Belfast Telegraph

There isn't a day goes by I don't think of Adam and sometimes I set out an extra plate, or call him in for his dinner

By Erinn Kerr

A heartbroken mother will today return to the scene of the crash that took the life of her eight-year-old son, one year on from the tragedy.

Sarah Hanna (33) has not been able to face going back to the road where her son Adam was killed, since his death on this day last year.

But she hopes that the sad anniversary will mark a turning point for the family and that going to the place where he died will help her to begin to come to terms with her terrible loss.

Sarah was walking six of her nine young children down the Loughill Road in Cloughmills to meet the school bus on November 11, 2014, when a car knocked them over.

Little Adam Gilmour was killed instantly.

Sarah and her other son Ryan (6) were left lying unconscious.

Ten-year-old Kyle left her hysterical sister Bethany (7) and brothers Reece (8) and four-year-old Tylour behind to run for help, after unsuccessfully attempting to rouse her mum and two little brothers.

Sarah told the Belfast Telegraph: "I remember nothing about that horrible day.

"I don't remember getting up that morning or the last time I saw Adam.

"They say the stress and trauma have affected my memory, but I know for sure that I was pushing Tylour in the buggy as usual and the kids were walking in a single file in front of me as they always did.

"The first thing I remember after the crash was lying in hospital and my sister telling me that Adam was gone.

"I didn't understand what she meant, I didn't know what had happened and it didn't sink in at all, it still hasn't. The worst thing about it is I know the kids remember it as clear as day, they've talked about it in detail and it breaks my heart to know they have those memories."

Sarah, who lives in Cloughmills with Adam's dad Stephen Gilmour (44), suffered a fractured neck and a fractured back, while Ryan broke his femur.

Sarah was wheelchair-bound for six months and now relies on a crutch to get around, but nothing compares to the pain of losing her son.

She said: "If I could have taken Adam's place that day I would have, he was far too young and taken too soon.

"There isn't a day goes by that I don't think of him, whether it's when I set out an extra plate at dinner time, or when I'm shouting on the other kids and I accidentally include his name, every new day comes with its own heartache."

The devastated young family had to move house following the horror crash because Sarah couldn't bring herself to go up the Loughill Road again.

"There was absolutely no way I could go back after what happened to Adam," she said.

"We went to stay with my sister in Cloughmills village and with every day that went by I was more and more sure that we couldn't go back up to the house.

"The thought of going past where it happened made me feel physically sick."

Now the family have moved so that Sarah doesn't have to face the tragic scene every morning and her children can get the bus to school more safely.

But today, on the anniversary of Adam's death, Sarah has decided to go back to the scene to pay tribute to her son.

"I want Adam to know I'm thinking about him and I want to be brave for him too," she said.

"We have all been living day-to-day, and when the tears come we support each other.

"The kids will comfort me and when they get upset, I remind them that they will never forget wee Adam, I tell them they have the memories and the pictures of him and that he'll always be in their hearts."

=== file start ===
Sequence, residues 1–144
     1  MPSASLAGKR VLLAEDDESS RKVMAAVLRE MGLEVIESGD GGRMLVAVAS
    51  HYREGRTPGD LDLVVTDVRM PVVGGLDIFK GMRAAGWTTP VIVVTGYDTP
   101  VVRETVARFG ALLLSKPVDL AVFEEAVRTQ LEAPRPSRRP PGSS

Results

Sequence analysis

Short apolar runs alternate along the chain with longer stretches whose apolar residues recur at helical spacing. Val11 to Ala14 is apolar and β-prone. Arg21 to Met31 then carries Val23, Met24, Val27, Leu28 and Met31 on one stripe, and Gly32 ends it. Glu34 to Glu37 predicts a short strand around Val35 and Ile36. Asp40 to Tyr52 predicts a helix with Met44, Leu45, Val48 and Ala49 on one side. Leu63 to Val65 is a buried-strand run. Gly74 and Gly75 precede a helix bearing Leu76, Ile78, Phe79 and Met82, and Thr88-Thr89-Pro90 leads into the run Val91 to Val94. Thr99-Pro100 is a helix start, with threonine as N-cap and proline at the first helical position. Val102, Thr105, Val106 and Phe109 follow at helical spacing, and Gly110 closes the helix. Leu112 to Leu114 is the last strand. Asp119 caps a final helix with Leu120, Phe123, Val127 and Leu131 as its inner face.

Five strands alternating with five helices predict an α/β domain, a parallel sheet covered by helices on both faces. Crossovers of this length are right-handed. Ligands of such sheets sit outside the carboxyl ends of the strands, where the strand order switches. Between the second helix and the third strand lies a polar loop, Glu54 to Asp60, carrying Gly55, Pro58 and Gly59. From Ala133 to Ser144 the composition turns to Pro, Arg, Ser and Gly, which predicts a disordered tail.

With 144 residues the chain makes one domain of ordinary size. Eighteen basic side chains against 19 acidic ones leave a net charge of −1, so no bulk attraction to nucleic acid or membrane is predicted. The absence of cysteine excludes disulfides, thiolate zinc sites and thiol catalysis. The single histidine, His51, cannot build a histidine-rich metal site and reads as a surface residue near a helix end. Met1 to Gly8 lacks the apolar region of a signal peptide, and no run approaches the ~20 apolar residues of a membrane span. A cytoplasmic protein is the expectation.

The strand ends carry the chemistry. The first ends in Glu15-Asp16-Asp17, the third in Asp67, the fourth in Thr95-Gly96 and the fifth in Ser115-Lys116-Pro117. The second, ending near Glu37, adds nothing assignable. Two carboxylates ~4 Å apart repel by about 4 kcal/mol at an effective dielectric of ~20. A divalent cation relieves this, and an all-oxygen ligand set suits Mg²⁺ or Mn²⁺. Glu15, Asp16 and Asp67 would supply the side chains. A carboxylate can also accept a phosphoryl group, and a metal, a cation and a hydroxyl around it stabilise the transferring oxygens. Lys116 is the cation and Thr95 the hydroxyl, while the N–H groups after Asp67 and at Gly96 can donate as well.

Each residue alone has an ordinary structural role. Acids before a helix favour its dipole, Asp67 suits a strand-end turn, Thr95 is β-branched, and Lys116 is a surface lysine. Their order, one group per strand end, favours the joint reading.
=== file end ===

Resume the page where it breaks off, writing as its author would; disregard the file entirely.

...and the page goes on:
But Sarah is still so consumed by grief and shock that she can't even bring herself to look at her son's pictures, which have been moved to Adam's granny's house for safekeeping.

"When I see pictures of Adam, I remember that they are the only way I can see him now and it breaks my heart, I'm not ready to accept that, he should be here with us."

Sarah said Halloween, birthdays, Christmas and family days out are the worst and that while her other children enjoy themselves, she thinks of Adam's absence.

"The hardest thing for me to accept is that Adam's death was so preventable," Sarah said.

"I spent weeks begging staff at County Hall to send the bus up the road to get the weans and the impression I got was that 10 minutes each way was too much to ask.

"Now my Adam is gone and I fully blame the fact that I had to walk the kids down that road.

"It would have been better in summer but the cold, dark winter mornings were treacherous, if only someone had listened to me."

Sarah made contact with TUV MLA Jim Allister just weeks before Adam's death to complain about the education board's decision not to provide transport for her children but tragically, and despite Jim's best efforts, nothing was done in time to save his life.

Sarah said: "Obviously, I warned that something could happen but not in a million years did I think I would be burying my son because of it.

"I told Jim I was afraid someone would skittle us off the road.

"Now the other kids have to live with losing their brother. They miss him dearly and the trauma of the crash has really affected them. I will never get over what happened to Adam, I don't think any parent can get over burying a child, but I do hope that seeing that road again will help me turn a corner.

"I hope that this time next year I will be able to remember Adam as the beautiful wee boy he was, the wee boy who would have grown up to be a hard-working farmer. I hope I'll be able to look at his pictures and go to his grave and think about him without my heart dropping."

An 18-year-old man was arrested over the crash and was later released on police bail.

The family have set up a special page for people to share their memories of Adam on a website called Gone Too Soon

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